Ins & outs of fertility treatments

Here’s the deal—before starting treatment, you’ll have to have some tests done. These tests, or fertility evaluations, help your fertility specialist (or reproductive endocrinologist) figure out what makes sense for you.

Fertility evaluations may include:

Blood work

To check for hormonal abnormalities or potential genetic factors that can contribute to infertility

To check your ovarian reserve

Ultrasound

To count the number of small follicles in the ovary (also known as an antral follicle count)

To check the uterus and ovaries for abnormalities such as fibroids and ovarian cysts

Semen analysis

To determine if sperm quantity and quality are normal

HSG test

Also called a “hysterosalpingogram test”

To help the doctor check for blockage and show the path leading through your fallopian tubes

Diagnostic hysteroscopy

To check your uterus for any potential abnormalities that could contribute to infertility

Josephine Atluri, @josephineratluri

OUT LOUD INSIDER

Often times, infertility leaves you without answers.
So for me, I was all for getting tests and evaluations that would help me make informed decisions.

How we can help

We want you to get the most out of talking with your fertility specialist! We’ll send information that will help with understanding fertility challenges and treatment options—so you can stay informed and know the right questions to ask.

Now what?

Once your fertility specialist has a better sense of what’s going on, you’ll talk about your options. And since every person’s body is unique, your plan of action may look different than someone else’s. But in many cases, you’ll discuss one or more of the following treatments:

Ovarian induction (OI)

is one of the first treatment options your doctor may discuss. During OI, fertility drugs are used to stimulate eggs to grow and be released from the ovaries to help increase the chances for conception.

Medications may include:

  • Follicle-stimulating hormone (FSH)
  • Clomiphene citrate
  • Letrozole
  • Human menopausal gonadotropin (hMG)
  • Human chorionic gonadotropin (hCG)

IUI, IVC, and IVF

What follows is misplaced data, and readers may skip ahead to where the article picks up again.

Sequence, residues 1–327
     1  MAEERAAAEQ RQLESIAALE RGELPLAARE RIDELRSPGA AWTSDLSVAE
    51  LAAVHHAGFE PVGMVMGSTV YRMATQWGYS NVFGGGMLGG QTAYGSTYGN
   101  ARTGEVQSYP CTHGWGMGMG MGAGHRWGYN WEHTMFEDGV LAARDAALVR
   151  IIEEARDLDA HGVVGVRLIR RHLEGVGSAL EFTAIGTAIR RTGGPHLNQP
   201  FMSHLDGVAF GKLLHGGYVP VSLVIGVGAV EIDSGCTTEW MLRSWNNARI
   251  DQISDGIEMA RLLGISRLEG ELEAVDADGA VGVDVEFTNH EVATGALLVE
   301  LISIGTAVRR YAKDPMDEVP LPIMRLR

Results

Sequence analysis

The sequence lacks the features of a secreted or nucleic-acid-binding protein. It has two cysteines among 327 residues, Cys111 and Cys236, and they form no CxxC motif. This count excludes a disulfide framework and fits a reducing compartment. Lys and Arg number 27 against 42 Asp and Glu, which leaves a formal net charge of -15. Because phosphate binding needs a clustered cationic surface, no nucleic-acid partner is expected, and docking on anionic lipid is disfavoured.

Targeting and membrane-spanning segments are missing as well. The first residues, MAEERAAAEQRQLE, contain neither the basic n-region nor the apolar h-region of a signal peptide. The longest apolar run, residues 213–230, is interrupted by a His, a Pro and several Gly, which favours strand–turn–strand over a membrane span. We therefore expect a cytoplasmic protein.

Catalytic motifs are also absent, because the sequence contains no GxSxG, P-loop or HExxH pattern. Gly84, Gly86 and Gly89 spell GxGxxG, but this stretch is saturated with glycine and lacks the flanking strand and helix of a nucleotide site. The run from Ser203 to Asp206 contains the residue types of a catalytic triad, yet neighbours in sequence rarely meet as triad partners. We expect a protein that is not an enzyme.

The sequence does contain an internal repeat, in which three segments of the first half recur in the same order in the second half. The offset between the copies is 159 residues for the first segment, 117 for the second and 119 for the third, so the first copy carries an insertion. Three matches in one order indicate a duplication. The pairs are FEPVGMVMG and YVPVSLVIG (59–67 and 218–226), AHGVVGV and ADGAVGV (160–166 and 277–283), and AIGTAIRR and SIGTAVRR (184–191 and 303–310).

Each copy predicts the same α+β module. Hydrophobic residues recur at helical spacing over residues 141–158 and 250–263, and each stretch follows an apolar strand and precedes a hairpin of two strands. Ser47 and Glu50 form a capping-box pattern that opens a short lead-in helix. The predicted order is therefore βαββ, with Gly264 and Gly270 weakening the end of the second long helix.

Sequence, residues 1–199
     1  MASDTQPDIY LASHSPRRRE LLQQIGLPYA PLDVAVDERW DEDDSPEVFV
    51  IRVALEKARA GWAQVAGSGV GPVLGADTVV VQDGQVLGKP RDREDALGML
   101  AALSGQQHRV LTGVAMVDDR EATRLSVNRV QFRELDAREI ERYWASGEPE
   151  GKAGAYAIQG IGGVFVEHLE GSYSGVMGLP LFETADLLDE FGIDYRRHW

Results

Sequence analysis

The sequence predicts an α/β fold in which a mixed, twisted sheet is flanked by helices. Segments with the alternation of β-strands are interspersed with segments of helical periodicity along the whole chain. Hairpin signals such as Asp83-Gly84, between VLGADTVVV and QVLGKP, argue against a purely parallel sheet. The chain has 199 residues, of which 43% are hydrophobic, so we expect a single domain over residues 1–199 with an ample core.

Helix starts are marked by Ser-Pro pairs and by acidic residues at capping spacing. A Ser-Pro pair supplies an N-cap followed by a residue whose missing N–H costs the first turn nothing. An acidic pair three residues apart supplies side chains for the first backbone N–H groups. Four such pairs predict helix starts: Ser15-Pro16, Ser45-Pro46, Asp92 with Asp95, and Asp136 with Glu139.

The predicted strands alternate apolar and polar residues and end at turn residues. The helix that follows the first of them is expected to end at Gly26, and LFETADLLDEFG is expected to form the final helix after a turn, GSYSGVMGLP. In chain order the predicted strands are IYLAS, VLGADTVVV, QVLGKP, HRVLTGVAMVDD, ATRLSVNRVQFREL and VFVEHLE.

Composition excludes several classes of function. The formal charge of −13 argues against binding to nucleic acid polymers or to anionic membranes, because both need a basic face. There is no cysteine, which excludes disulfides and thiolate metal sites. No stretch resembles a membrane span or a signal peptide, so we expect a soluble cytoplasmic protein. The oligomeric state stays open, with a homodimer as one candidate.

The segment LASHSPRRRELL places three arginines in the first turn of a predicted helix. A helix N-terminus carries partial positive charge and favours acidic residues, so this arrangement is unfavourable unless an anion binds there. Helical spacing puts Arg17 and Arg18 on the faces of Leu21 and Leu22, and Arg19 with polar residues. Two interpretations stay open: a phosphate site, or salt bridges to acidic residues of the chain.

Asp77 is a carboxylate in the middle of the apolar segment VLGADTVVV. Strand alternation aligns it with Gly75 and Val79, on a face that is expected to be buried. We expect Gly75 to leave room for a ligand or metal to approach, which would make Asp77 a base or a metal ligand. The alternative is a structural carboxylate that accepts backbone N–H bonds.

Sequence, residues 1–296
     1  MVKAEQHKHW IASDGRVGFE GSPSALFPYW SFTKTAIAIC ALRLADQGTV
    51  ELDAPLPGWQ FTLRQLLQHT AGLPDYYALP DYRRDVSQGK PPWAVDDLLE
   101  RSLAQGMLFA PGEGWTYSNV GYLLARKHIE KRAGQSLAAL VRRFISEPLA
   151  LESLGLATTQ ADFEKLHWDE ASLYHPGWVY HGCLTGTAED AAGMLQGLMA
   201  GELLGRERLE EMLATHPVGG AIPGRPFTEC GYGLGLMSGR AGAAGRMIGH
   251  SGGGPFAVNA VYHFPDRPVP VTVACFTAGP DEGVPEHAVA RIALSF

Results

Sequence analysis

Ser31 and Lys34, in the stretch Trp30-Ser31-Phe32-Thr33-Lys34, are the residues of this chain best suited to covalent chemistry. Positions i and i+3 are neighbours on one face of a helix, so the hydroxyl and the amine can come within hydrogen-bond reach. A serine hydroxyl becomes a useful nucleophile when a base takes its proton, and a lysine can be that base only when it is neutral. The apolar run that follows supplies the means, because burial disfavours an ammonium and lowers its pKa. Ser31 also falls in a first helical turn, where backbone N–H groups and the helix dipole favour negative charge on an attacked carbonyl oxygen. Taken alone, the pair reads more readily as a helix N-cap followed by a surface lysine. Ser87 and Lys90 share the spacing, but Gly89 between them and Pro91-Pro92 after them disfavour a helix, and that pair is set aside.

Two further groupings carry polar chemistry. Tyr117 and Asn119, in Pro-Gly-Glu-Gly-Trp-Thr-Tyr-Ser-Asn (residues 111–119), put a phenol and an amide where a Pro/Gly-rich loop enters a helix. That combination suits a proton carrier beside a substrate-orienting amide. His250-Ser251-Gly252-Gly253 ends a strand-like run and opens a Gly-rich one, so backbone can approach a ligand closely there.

You may have heard of IUI and IVF, but IVC is another option that can be used to treat infertility. Let’s break down the differences.

What is IUI (intrauterine insemination)?

Usually, IUI is one of the first treatments your fertility specialist might recommend, after commonly used oral or injectable fertility medicines. During the procedure, sperm is placed directly into the uterus in order to bypass the cervix and place the sperm closer to the egg.

But while IUI is often less expensive, it only offers about an 8%—10% chance of pregnancy per cycle.

What is IVC (intravaginal culture)?

With IVC, eggs and sperm are placed in a device, and then the device is positioned in your vagina for fertilization and incubation. After an incubation period, your doctor removes the device and transfers one or more viable embryos into the uterus. IVC could be an option for women who want a more effective fertility treatment than IUI (IVC has about a 25% success rate per embryo transfer) but are concerned about the cost of other options like IVF.

Get the details on IVC >

What is IVF (in vitro fertilization)?

With IVF, sperm and eggs are combined outside the body in a laboratory. Fertilized eggs are grown into embryos which are then transferred into the uterus in hopes of achieving pregnancy. While IVF is the most effective fertility treatment option with a 48% success rate,* it’s also among the most expensive.

*Success was defined in clinical data as live births per cycle.

Get the details on IVF >


Surgery to correct medical conditions

Certain medical conditions, such as problems with your fallopian tubes, endometriosis, or fibroids, can cause fertility issues. In many cases, surgery can treat these problems, restoring your chance to conceive. And thanks to medical advances, most of these procedures are minimally invasive and have a short recovery period.

Here’s a list of common fertility-related surgeries:

Laparoscopy: Sometimes used as a diagnostic tool, laparoscopy involves the insertion of a small, lighted camera into the pelvic cavity, which allows your doctor to check for things such as scar tissue, endometriosis, and blockages impacting the outer wall of the uterus, as well as the fallopian tubes and ovaries. If issues are discovered, your surgeon may use additional surgical tools to correct the problems.

Operative hysteroscopy: In addition to being a diagnostic tool, a hysteroscopy can also be used to remove tissue or growths that interfere with fertility. Unlike laparoscopy, which allows your doctor to examine and treat the inner wall of the uterus, operative hysteroscopy can provide a view of fibroids, scar tissue, polyps, and abnormalities inside the uterine cavity.

Myomectomy: Myomectomy refers to the removal of uterine fibroids and is sometimes called fibroidectomy. It’s often done through laparotomy (which is a major surgery—see below), but can sometimes be done via laparoscopy or hysteroscopy, which are less invasive.

Laparotomy: If minimally invasive procedures are not feasible, your doctor may recommend laparotomy. This is a major surgery, performed under general anesthesia on an inpatient basis (which means you’ll be spending time in the hospital).

Check your coverage

Your insurance coverage can have a huge impact on your fertility journey. It can influence things like fertility treatment decisions, testing, and whether telehealth appointments are an option. Decode the ins and outs of insurance coverage >

Fertility Out Loud